by Sean Eedy

In the current climate surrounding the refugee crisis in Europe, the European Union is struggling not only with the relocation of these refugees, but also with feeding and housing these refugees and who should pay for it all.  At the moment, Germany seems to be the preferred destination of the majority of these refugees and, given the relative economic strength of Germany in Europe and their leading position in EU affairs and institutions, this may perhaps be the most tenable situation.  Germany has a system in place to resettle these refugees across the state in proportion to the ability of each Laend to sustain them, but this will become taxing on even the strongest economy and requires the aid of supranational institutions and NGOs.  This migrant crisis and the accompanying stresses on German infrastructure have since sparked resurgence in Neo-Nazi activity even before the November 2015 attacks in Paris and Beirut.

However, following the Second World War, Germans themselves were the refugees both in their own country as millions of Reichsdeutsche (Germans from the Reich proper) resettled in Eastern Europe by conquering Wehrmacht and the Volksdeutsch (ethnic Germans) who had lived in Eastern Europe for generations were forcibly relocated within the shrunken borders of divided Germany.  As German refugees filled the concentration camps once occupied by racial and political enemies of the Nazi state and the war-time Allies were unable to maintain supply levels to defeated and occupied Germany, thousands of these refugees found their way to Canada.  Then, as now, these refugees were met with hostility by ultra conservative elements that drew little or no distinction between the refugees themselves and the Nazi party members and Wehrmacht soldiers whose legacy those refugees fled.  Even when Bundeswehr units arrived in Canada for military exercises at the invitation of the Canadian Armed Forces in 1965, protestors returned to the tropes of Nazism calling the soldiers a threat to world peace as these “jack boots” are “our enemies behind their high wall planning…their third war on civilization.”  Not only did these statements blame potential innocents for the actions of others, but they also conflated East and West Germans, painting all Germans as opponents in the continuing Cold War.

Initially settling in Winnipeg and Montreal, these refugees, according to German Studies scholar Matthias Zimmer, had the clearest notion of what it meant to be German having lived through the worst parts of recent German history.  At the same time, immigration was an opportunity to escape the problematic nature of German identity in postwar Europe.  Large numbers of these immigrants found themselves joining local Diaspora groups when faced with a Canadian culture that proved openly hostile to the continuation of their German identifications.  These organizations fostered immigration and the preservation of German cultural heritage while promoting the Canadianization of its membership and the support of Canadian charitable organizations.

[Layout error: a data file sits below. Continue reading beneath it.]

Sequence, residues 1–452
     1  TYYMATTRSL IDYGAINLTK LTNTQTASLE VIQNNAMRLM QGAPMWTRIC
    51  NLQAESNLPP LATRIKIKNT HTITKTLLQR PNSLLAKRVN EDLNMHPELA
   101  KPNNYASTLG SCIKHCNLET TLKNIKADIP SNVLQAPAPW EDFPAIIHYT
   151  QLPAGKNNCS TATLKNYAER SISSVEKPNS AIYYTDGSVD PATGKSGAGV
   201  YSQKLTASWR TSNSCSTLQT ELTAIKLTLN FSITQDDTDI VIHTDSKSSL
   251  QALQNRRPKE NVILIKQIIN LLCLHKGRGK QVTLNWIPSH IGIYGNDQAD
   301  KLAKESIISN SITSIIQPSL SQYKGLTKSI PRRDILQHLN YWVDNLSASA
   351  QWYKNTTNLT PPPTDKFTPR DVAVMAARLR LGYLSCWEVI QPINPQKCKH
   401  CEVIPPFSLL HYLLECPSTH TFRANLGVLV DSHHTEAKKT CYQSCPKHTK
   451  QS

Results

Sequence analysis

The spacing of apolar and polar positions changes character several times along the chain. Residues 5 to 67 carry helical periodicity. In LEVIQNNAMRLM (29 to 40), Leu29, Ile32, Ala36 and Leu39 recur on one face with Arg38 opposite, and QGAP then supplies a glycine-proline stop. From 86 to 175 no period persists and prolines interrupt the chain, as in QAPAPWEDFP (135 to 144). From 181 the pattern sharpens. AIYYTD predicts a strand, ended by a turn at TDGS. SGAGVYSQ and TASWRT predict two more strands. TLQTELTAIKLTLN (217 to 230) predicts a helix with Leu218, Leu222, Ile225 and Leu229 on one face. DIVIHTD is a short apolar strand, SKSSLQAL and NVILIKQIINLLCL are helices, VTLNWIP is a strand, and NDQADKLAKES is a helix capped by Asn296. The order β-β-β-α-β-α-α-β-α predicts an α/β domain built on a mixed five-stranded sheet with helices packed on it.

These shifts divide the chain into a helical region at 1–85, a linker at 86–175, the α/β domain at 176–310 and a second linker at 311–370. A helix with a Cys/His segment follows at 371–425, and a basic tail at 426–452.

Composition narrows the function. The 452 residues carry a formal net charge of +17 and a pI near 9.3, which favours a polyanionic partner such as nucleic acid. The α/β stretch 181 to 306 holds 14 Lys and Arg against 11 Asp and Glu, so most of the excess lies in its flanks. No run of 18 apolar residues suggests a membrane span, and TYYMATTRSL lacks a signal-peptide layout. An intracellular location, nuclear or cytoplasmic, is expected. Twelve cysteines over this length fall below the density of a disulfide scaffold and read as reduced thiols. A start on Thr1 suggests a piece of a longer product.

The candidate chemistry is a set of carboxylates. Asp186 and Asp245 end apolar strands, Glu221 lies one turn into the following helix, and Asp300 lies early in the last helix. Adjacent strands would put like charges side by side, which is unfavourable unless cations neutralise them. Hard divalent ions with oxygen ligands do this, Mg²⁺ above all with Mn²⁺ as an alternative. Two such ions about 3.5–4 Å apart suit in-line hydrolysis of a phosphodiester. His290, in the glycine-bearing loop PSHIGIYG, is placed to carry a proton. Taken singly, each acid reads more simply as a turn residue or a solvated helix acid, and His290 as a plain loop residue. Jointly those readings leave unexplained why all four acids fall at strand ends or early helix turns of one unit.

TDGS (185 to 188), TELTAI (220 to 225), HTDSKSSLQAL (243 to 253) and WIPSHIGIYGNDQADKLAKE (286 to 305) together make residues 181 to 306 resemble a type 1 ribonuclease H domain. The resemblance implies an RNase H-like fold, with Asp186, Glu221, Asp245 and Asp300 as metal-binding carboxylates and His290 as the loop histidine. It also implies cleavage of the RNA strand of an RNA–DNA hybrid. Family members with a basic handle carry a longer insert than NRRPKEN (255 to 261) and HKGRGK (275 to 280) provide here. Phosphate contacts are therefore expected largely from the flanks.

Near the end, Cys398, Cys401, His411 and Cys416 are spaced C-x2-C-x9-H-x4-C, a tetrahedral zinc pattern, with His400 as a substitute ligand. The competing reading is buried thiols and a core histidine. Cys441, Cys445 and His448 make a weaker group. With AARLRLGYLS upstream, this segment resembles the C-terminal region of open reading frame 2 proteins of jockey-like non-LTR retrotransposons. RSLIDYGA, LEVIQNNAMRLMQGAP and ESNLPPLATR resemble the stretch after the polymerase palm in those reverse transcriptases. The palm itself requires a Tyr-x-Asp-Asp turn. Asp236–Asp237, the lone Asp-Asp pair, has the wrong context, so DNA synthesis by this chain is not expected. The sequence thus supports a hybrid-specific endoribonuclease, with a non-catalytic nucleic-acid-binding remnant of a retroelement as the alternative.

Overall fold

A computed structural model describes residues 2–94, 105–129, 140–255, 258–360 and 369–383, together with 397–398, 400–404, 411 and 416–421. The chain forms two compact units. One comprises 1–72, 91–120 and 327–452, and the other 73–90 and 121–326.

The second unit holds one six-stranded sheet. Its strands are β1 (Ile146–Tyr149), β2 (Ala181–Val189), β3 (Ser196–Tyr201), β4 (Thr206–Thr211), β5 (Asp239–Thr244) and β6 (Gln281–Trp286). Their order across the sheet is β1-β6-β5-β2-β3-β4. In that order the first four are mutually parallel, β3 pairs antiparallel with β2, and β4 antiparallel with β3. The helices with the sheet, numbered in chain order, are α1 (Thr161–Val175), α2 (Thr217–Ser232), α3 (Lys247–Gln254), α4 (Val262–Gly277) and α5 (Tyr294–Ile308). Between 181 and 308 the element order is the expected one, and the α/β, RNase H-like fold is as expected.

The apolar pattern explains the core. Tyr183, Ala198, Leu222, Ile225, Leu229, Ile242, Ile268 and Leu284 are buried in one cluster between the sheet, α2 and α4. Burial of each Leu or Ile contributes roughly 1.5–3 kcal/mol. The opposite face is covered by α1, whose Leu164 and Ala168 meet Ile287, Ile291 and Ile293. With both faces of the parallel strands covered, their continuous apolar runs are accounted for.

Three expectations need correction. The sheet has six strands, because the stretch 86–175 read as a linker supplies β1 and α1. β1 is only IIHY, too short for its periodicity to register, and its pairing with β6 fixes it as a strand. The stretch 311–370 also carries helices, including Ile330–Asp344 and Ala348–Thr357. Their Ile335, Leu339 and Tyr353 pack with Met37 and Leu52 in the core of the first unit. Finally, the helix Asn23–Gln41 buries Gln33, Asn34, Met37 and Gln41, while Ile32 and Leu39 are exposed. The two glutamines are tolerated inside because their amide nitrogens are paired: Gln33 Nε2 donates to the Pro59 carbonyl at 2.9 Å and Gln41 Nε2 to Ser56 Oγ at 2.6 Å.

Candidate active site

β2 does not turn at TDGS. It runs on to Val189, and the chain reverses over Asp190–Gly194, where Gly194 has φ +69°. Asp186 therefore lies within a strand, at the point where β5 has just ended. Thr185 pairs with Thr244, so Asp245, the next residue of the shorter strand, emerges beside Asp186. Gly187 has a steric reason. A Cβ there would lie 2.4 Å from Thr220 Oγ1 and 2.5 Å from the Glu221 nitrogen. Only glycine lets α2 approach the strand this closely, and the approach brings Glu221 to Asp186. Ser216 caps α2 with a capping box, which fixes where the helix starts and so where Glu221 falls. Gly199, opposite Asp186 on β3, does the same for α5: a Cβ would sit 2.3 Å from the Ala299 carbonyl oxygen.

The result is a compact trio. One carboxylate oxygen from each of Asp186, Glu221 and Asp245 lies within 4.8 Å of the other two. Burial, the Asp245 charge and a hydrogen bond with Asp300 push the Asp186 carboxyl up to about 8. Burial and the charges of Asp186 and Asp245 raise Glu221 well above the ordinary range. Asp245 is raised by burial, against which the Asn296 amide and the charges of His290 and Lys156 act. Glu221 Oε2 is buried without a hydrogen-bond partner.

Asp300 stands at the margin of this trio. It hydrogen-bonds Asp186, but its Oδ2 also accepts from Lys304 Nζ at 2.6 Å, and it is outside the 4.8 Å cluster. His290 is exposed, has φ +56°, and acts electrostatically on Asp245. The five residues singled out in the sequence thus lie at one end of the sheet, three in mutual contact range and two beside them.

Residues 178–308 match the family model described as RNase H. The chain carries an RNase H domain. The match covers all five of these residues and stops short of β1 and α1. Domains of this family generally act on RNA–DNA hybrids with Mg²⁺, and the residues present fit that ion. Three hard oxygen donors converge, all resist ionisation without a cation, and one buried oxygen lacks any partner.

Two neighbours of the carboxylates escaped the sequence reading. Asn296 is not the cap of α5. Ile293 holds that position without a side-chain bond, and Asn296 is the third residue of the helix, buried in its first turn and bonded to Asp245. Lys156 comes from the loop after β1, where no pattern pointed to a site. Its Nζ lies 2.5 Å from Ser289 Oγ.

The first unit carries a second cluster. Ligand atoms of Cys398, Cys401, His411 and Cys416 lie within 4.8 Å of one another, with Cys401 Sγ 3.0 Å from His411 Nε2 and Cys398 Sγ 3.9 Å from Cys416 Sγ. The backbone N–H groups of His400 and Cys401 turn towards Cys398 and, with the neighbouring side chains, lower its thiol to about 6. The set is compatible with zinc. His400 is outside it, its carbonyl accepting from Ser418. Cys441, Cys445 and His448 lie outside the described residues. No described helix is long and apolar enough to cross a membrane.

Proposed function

In correspondence and newsletters from the late 1940s, these Diaspora community organizations reported on the activities of the Canadian Society for German Relief, a charitable organization incorporated by the nationally based German-Canadian Society and based out of Kitchener, Ontario.  This organization engaged with the narrative of German victimization and privation as a result of the recent war in Europe while conscious of the associations drawn between German refugees both in Europe and Canada and their perceived attachments to Nazism and participation in that same war.  Superficially at least, the Canadian Society for German Relief effaced the involvement of these Diaspora organizations in order to avoid the criticisms leveled against these refugees as being enemies of the Canadian people only a few years earlier.  This national charity supplied orphanages in Hamburg and Cologne with shoes, clothing, and essential foodstuffs to make up for the shortcomings of Allied occupation policy and distribution networks.  By 1949, the provided aid and resources allowed Germans in the newly founded western Federal Republic to open new children’s and nursing care beds and facilities to make up for those lost to the Soviet Zone of Occupation (SBZ), later the German Democratic Republic, and Soviet war reparation policies.  As it was understood that the eastern areas of Germany were still much worse off than the rest of Europe due to both war and the subsequent Soviet occupation, the Canadian relief organizations purchased quantities of Caritas food parcels for distribution to families with children living in cities in the SBZ.